Tracey has developed protocols to inflict the maximum amount of pain with the minimum amount of tissue damage. Using psychological tricks and carefully choreographed shifts in intensity, she has also devised ways of heightening a subject’s perception of pain. At the same time, research identifying the regions most crucial to the experience of pain has inadvertently pointed the way to the creation of artificial pain purely through targeted neurostimulation. It does not take much imagination to discern the potential for misuse of this kind of knowledge. For this reason, the International Association for the Study of Pain (I.A.S.P.) has a code of ethics, and its members are pledged not to inflict or increase pain except in an experimental setting.

A more nuanced ethical issue involves the potential use of neuroimaging as a sort of lie detector—to expose malingerers or increase payouts in injury-compensation suits. “Pain is enormously important in law,” Henry Greely, the director of the Center for Law and the Biosciences, at Stanford University, told me. “It’s the subject of hundreds of thousands of legal disputes every year in the United States.” Many are personal-injury cases; others involve Social Security and private-insurance disability. Greely pointed out that the lack of an objective test for pain means not only that people who deserve compensation miss out (and vice versa) but also that millions of billable hours are spent on these suits. With an agreed-upon empirical metric for pain, he estimates, the vast majority of cases would be settled rather than litigated.

Greely believes that the routine use of fMRI evidence in court is likely a decade away, but there are already signs that it is coming. In 2008, a colleague of his, Sean Mackey, was asked to serve as an expert witness in the case of a man who was suing an asphalt manufacturer after suffering first- and second-degree burns. The man’s lawyers were planning to use brain-imaging data to show that the injuries had left him in chronic pain. The company’s legal team wanted to put Mackey on the stand to argue that the current state of pain science could not justify this as an objective assessment. The case was eventually settled out of court, but the judge ruled that, despite a demurring opinion from Mackey, the scans were admissible as evidence.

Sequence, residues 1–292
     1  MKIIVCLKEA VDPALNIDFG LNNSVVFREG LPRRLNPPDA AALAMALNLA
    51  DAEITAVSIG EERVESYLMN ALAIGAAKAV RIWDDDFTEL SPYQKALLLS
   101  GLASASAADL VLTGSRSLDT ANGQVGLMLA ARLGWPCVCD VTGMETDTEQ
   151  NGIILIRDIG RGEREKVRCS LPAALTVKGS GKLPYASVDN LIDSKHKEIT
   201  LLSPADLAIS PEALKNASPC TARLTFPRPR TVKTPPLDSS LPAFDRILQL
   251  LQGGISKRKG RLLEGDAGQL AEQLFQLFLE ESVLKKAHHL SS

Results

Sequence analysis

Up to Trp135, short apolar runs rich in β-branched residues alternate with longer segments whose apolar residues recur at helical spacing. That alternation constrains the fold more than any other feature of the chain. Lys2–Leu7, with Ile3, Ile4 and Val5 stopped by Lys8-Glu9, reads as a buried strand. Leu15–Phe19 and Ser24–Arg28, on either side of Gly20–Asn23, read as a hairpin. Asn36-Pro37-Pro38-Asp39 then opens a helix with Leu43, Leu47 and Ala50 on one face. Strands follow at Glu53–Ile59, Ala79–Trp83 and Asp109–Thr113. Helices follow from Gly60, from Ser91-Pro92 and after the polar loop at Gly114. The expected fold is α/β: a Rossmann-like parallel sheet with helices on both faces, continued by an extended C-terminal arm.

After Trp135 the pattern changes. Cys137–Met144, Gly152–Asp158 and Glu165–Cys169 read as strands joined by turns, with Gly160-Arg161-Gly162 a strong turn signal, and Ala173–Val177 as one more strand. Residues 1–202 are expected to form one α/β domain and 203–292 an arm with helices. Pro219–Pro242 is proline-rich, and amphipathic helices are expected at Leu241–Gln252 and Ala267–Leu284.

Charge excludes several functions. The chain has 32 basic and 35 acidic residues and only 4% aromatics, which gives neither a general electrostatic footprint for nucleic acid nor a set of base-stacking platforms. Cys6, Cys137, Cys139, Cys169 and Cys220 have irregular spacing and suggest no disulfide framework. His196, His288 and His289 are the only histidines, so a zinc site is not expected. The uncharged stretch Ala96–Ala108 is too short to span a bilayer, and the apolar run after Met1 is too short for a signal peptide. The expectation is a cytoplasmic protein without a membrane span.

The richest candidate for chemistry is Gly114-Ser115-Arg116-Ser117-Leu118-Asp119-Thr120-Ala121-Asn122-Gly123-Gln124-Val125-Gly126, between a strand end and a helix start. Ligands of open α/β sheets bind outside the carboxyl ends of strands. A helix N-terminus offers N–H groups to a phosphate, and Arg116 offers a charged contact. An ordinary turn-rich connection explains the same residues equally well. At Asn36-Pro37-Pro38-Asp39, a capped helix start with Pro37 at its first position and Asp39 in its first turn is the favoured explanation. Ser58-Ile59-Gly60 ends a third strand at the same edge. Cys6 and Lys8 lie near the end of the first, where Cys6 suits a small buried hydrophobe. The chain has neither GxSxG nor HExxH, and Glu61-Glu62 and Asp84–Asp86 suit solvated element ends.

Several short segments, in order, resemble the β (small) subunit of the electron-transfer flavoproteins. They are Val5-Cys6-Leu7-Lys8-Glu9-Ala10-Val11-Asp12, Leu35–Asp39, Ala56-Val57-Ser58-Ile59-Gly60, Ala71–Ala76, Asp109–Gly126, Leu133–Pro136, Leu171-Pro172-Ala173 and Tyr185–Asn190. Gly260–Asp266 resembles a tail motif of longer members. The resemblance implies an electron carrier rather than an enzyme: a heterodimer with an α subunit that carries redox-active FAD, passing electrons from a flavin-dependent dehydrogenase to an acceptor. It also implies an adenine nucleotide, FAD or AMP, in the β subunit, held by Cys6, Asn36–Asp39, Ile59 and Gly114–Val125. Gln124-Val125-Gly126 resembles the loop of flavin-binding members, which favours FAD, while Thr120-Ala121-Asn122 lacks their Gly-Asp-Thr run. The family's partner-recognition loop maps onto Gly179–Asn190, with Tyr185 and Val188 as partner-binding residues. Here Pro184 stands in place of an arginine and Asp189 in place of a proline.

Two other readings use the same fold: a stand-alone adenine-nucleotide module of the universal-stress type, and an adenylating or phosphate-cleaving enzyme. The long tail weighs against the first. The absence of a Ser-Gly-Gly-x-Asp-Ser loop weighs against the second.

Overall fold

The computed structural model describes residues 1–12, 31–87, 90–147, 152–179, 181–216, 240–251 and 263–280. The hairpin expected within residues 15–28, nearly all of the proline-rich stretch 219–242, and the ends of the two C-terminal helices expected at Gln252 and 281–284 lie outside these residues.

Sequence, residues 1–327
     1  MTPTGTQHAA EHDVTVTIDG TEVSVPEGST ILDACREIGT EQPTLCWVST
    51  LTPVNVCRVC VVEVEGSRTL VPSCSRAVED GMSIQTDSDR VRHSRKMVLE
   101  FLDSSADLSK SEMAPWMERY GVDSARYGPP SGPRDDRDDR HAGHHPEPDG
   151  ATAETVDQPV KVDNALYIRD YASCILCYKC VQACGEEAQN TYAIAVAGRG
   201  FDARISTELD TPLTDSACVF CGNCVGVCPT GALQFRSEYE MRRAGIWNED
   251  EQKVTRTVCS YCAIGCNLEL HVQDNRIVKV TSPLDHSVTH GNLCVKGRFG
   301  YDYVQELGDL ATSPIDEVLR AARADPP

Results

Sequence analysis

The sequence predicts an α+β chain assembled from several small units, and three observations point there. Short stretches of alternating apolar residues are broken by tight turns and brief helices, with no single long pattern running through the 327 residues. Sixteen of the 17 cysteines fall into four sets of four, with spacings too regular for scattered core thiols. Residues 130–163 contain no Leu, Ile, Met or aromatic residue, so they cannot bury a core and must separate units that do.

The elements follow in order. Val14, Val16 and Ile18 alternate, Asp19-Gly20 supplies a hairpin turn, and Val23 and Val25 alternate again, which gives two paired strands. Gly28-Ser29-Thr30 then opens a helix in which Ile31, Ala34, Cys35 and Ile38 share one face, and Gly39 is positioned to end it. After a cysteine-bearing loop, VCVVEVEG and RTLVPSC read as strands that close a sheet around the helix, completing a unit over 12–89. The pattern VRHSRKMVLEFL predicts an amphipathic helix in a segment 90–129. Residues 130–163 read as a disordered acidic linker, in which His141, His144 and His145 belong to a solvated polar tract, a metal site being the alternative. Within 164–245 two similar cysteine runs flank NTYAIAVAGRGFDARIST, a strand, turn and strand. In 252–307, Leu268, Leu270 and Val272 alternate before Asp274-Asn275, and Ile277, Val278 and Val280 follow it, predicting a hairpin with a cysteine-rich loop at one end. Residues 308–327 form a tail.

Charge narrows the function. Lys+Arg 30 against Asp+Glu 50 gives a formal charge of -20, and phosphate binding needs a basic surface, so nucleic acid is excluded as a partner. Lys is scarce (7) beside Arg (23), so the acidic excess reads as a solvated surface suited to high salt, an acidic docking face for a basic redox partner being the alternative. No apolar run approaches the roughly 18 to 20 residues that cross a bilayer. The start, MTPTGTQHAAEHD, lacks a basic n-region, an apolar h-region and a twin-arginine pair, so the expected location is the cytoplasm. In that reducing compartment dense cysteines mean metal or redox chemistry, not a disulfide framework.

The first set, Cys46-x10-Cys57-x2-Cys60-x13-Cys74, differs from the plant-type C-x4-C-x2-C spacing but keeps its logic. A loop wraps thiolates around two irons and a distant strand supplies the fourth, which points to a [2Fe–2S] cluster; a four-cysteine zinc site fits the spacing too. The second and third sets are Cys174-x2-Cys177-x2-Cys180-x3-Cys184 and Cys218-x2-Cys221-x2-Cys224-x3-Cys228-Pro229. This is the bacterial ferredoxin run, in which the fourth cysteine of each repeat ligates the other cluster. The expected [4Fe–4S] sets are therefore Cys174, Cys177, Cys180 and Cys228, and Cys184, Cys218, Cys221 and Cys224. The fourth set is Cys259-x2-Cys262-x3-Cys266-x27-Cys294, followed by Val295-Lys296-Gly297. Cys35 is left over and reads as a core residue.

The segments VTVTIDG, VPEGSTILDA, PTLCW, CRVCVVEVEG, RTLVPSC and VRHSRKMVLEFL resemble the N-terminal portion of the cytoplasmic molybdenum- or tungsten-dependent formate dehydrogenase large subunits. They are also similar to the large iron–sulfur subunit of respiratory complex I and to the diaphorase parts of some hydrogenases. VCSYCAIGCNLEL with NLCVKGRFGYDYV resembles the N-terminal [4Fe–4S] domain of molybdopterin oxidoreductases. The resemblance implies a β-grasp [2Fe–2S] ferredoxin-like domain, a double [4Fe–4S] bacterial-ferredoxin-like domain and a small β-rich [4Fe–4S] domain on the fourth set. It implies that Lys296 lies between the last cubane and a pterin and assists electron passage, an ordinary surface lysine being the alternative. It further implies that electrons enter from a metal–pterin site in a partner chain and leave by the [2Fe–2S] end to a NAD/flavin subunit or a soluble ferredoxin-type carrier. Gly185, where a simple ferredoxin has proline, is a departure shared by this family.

All the scientists I spoke to were careful to stress that they think the field is not far enough advanced for an fMRI scan to be used as legal evidence of pain, or to overrule a subjective report. Some are convinced that it will never reach that point. Karen Davis, a researcher at the Krembil Brain Institute, in Toronto, told me, “Pain is, literally by definition, a subjective experience. That makes self-report the only true measure.” Greely is less sure: “I’m willing to agree that it’s still truly a subjective state, but there are objective things that can give you more or less confidence in the reality of that subjective state.”

Davis is sufficiently worried about the legal ramifications of pain neuroimaging that she recently chaired an I.A.S.P. task force to consider the subject. Researchers who have spent their careers investigating the ways that pain is altered by mood, context, and suggestion are naturally skeptical of the idea that personal testimony can be proved or disproved by making someone spend an hour lying horizontal and immobile in a rigidly controlled, socially isolated, loud, boring, and claustrophobic environment. Although fMRI is often taken to be a transparent window into brain function, Davis told me that it would be more accurate to think of it as a low-resolution, somewhat out-of-synch set of stills from a black-and-white movie. While electrical impulses that travel along neurons last only about a millisecond, blood, which fMRI measures as a proxy, arrives on the scene slightly after the fact, and dissipates slowly.


Most brain imaging has been carried out in 3-Tesla MRI scanners, which cannot resolve detail below a scale of two millimetres. Neurons are so tiny that a cube of brain tissue that size will contain tens of thousands of them. Even the 7-Tesla that scanned my brain had only a maximum resolution of one millimetre. Tracey cautions against overestimating how much “blob maps” can explain. “Underneath that blob there’s an awful lot of nuance, and there’s an awful lot of anatomy,” she said. To help validate her findings, she often combines magnetic imaging with other techniques, such as measurements of electrical activity using an EEG.

Relatively few people have had their brains scanned while being hurt, and an algorithm like Wager’s, which has correctly predicted pain in the brains of a small cohort of healthy volunteers, cannot be reliably extrapolated to apply to the population as a whole. But Greely believes that overcoming this deficiency is simply a matter of doing more studies. He predicts that, once researchers have collected enough data and developed standardized protocols, neuroimaging will follow in the path of forensic DNA—a scientific breakthrough whose results were eventually considered robust enough to use as evidence in court. Our trust in DNA evidence is increasingly seen as problematic, but Greely is unperturbed. “No evidence is perfect,” he said. “The stuff courts rely on most—eyewitness testimony—is known to be awful, but we use it anyway.”